Are there any *new* food safety trends you heard about that companies should have on their radar?

Food safety culture. Food safety culture and its introduction into various certification schemes and regulations is a hot trend that will only grow in importance. Food safety culture is a core element of the FDA’s New Era of Smarter Food Safety. It is also a key component of the GFSI Benchmarking Requirements Version 2020 and, subsequently, is being integrated as a requirement into many of the benchmarked food safety certification standards. Best-in-class food safety cultures have robust systems in place to ensure consistent commitment, communication, procedures, training, performance measurement, and trust.

Cybersecurity. Cybersecurity is moving to the forefront for many. A new law was adopted that requires companies in listed industry sectors, including the food sector, to report to the Department of Homeland Security (DHS) within 72 hours of a cyberattack and within 24 hours if they paid ransom. Implementing regulations will clarify which companies are specifically subject to this reporting. Interestingly, Microsoft SharePoint was mentioned during the Summit as one of the safest technologies for storing and managing information compared to other food safety software from a cybersecurity perspective.

Rapid laboratory testing. Another interesting and very current discussion was about the new micronutrient and chemical analyses that have been developed to quickly test baby formula to help combat the baby formula shortage. There is a lot of opportunity and more “affordable” technology available to set up internal rapid laboratory testing to conduct product and environmental testing.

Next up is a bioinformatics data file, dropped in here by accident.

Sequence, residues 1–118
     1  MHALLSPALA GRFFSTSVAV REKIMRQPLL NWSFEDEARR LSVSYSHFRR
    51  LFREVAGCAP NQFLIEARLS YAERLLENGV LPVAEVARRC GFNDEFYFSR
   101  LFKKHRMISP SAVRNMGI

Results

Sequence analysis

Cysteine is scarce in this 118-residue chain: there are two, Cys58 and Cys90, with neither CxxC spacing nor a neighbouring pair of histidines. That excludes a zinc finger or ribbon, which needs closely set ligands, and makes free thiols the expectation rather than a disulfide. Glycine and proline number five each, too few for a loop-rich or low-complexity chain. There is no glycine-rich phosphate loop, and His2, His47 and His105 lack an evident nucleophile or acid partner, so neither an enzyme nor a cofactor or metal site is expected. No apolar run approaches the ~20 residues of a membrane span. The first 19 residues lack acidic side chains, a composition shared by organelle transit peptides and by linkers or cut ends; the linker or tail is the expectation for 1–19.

Data analytics. There is also a big push for usable data. Companies are starting to realize they need to have data they can use in a meaningful way to improve their systems. A well-designed and well-executed food safety program—with data trend analysis—provides an important tool for ensuring food safety. The goal should be to effectively capture and analyze audit data and then use that information to improve food safety and quality, achieve certification requirements, and enhance overall business performance.

Sustainable food management. The regulatory community has identified a real need for addressing food waste and the lack of circularity in the food industry. Wasted food makes up the largest percentage—over 20%—of any one material sent to landfills and incinerators each year in the U.S. The EPA, USDA, and FDA have already joined forces to address the magnitude of wasted food impacts across the U.S. through the U.S. Food Loss and Waste 2030 Champion program. Efforts to promote sustainable food management have begun extending to the state level and will continue.

Supplier expectations. Finally, companies (and customers) are setting higher expectations for the supplier and vendor companies they work with. As a result, more companies are pursuing certifications in areas they may not have previously considered to meet these customer expectations or, sometimes, to work globally. This can include anything from getting certified to various ISO management system standards (e.g., quality (ISO 9001), environment (ISO 14001), cybersecurity (ISO 27001), etc.), or participating in sustainability and corporate social responsibility reporting (e.g., Global Reporting Initiative (GRI), Carbon Disclosure Project (CDP), etc.).

What should companies in the food industry be doing now to plan for the future?